Grace and Memoir

For by grace you have been saved through faith, and this is not your own doing

Ephesians 2:8
King Tide at Seal Rock, Oregon (photo by Richard Gylgayton)

Grace exposes all our gifts, both those we hold and those we have lost. Love enters our life through grace. The certainty of grace is gentle and subtle, and explaining it might destroy it, like locking a butterfly in a tin box.

I can only try through example: my brother and my dog are in the house with me, sharing my life in Oregon. They both appeared into my life unbidden. The giver of those two gifts is much greater than the “I” that is aware of the gift. In fact, the temporary identity of my ego is so busy with unimportant things most of the time that it is generally unaware of the love and grace that the giver constantly provides.

Perhaps that is why when I am cognizant of grace because I have taken the time to be mindful, my heart opens, and I feel a concentrated emotion that I also cannot describe. The inability to explain it is not because I do not have a talent for creating sentences. It is not that more words would help, it’s that all of them are inadequate.

The explanatory impossibility exists because the gifts are too considerable and generous for me to understand in the way that we normally define perception, like other inexpressible things: a sunrise, music, the laughter of children, and friends who have appeared and joined me on my travels.

When Saint Paul says “this is not your own doing” he is speaking of the giver: the gift of God. I know that there are those who may read that and shake their heads in dissatisfaction with the proper noun. We live in an empirical and materialistic age, where most of what occurs is described through pragmatic, rigid terms. I don’t deny that, nor do I reject it.

Yaquina Head, Newport, Oregon (photo by Richard Gylgayton)

I carry both the pragmatic and metaphysical viewpoints of the world in my consciousness. But as I have grown older and realize that most of my life has already been lived, that sensation of the gift of grace has existed consistently and I have to accept that there is something undefinable that provides all the love that has sustained my life.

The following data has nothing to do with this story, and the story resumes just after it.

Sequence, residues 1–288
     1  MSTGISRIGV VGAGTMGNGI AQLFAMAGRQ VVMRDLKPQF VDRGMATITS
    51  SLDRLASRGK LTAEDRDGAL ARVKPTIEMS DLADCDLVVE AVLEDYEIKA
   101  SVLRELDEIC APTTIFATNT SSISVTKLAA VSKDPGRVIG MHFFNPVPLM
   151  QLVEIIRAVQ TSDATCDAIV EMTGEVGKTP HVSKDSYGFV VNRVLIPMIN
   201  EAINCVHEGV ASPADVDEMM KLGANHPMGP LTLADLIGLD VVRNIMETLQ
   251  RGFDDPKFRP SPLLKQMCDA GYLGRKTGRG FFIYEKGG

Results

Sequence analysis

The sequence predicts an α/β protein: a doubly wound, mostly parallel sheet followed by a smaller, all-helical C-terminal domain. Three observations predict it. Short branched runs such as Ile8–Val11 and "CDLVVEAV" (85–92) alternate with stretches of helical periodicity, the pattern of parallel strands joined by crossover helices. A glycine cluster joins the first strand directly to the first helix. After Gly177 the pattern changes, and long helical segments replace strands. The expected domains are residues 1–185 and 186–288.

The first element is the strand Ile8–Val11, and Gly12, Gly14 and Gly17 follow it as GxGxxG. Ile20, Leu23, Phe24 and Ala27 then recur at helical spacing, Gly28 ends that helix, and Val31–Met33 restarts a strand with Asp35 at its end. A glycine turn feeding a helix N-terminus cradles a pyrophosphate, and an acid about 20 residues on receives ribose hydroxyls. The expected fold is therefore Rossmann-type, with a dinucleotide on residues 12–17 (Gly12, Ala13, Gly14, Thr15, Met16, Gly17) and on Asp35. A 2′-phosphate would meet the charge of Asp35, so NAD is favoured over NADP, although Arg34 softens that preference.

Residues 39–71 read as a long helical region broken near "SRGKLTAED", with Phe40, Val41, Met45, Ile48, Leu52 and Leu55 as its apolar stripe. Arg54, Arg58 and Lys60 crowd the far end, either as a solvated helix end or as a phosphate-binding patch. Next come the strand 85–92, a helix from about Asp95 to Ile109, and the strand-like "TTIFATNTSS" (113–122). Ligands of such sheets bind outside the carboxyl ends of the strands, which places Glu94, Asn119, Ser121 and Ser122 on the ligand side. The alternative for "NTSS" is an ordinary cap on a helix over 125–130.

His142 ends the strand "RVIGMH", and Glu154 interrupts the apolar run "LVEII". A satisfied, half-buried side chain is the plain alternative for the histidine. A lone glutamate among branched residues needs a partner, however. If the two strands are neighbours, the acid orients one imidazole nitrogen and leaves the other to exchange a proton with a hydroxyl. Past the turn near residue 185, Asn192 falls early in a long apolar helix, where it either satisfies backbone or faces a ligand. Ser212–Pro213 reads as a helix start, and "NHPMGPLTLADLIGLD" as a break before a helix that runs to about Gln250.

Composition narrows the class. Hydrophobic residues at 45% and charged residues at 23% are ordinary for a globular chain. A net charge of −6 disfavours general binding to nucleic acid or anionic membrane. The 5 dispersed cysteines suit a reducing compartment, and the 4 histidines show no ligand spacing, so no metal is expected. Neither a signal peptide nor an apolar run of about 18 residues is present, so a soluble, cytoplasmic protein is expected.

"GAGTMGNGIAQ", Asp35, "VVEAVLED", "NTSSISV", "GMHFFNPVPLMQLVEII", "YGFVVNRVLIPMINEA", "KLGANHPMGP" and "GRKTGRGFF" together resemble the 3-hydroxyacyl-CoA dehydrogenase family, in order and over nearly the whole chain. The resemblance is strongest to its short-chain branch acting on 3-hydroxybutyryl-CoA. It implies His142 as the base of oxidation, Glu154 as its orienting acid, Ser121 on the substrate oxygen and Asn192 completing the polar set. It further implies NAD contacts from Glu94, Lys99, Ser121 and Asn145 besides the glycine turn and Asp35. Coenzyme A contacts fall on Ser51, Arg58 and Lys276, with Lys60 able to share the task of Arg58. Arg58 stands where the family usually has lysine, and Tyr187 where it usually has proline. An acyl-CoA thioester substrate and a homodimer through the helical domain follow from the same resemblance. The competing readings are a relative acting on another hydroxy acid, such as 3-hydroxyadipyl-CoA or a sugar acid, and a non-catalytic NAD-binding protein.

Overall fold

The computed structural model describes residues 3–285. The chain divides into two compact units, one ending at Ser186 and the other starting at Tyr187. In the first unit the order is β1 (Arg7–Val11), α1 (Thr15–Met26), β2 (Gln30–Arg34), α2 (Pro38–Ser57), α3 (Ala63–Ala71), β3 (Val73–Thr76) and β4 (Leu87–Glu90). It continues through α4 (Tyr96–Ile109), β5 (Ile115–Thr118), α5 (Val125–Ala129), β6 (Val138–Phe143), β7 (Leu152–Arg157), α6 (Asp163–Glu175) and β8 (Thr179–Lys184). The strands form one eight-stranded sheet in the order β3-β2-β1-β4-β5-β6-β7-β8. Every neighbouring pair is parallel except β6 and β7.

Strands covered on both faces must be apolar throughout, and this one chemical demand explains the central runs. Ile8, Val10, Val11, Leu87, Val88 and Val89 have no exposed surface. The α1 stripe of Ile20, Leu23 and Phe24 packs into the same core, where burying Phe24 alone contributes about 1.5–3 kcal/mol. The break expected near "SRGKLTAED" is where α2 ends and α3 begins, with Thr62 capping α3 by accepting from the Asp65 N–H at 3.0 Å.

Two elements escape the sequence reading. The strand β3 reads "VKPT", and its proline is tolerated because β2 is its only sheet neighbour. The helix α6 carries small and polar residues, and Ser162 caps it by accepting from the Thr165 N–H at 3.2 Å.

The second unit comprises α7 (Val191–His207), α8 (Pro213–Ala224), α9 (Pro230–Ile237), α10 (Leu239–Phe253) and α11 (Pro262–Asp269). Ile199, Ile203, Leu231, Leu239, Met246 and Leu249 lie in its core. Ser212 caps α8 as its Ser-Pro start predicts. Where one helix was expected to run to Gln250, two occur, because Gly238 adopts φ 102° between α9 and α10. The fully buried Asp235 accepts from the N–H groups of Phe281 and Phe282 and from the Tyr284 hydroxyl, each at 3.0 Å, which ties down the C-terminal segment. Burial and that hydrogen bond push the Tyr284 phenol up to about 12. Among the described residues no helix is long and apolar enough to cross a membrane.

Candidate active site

My own experience tells me that the higher power cares for me. The realization is not attached to any specific belief or faith. The tradition in which I was raised is as human as anything else, thus it is filled with error, confusion and the projection of power, both at the institutional and personal level. The traditional Western churches lost their way long ago. Today we see some of them (far too few) realizing that and attempting to change. What I am describing has extraordinarily little to do with religion as we commonly understand it. The appreciation of grace is devoid of dogma, authority, belief, rituals, or tribal relationships.

I am not making a case for anything specific because what I speak of is indefinable—except for the simple fact that when I take time to reflect, I can see moments when there was something significant at work that could not be measured. It was, and is, simply there, especially when the events of my life were arduous and filled with sadness and stress. At those times I feel beneficence from outside of my small self.

When my heart fills with wonder, when I surrender to the actuality of grace transforming me in small and detailed ways in a world that appears to be out of control—that is when I feel the human condition most vitally.

I am learning my own past all over again. I am examining the years I have already experienced and rediscovering the moments of grace of which I was unaware. In so doing I am more sensitive to its frequent presence as I live through the latter stages of my life. The harsh world we have created obscures the simple miracles that actually sustain us. Yet they are there and when the veil falls we can perceive them with gratitude and read our own story.

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